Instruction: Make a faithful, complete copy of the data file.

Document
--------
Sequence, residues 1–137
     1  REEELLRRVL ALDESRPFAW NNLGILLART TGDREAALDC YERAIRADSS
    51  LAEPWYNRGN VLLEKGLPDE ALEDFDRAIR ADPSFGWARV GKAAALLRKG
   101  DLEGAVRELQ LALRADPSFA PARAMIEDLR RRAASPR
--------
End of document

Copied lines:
Sequence, residues 1–137
     1  REEELLRRVL ALDESRPFAW NNLGILLART TGDREAALDC YERAIRADSS
    51  LAEPWYNRGN VLLEKGLPDE ALEDFDRAIR ADPSFGWARV GKAAALLRKG
   101  DLEGAVRELQ LALRADPSFA PARAMIEDLR RRAASPR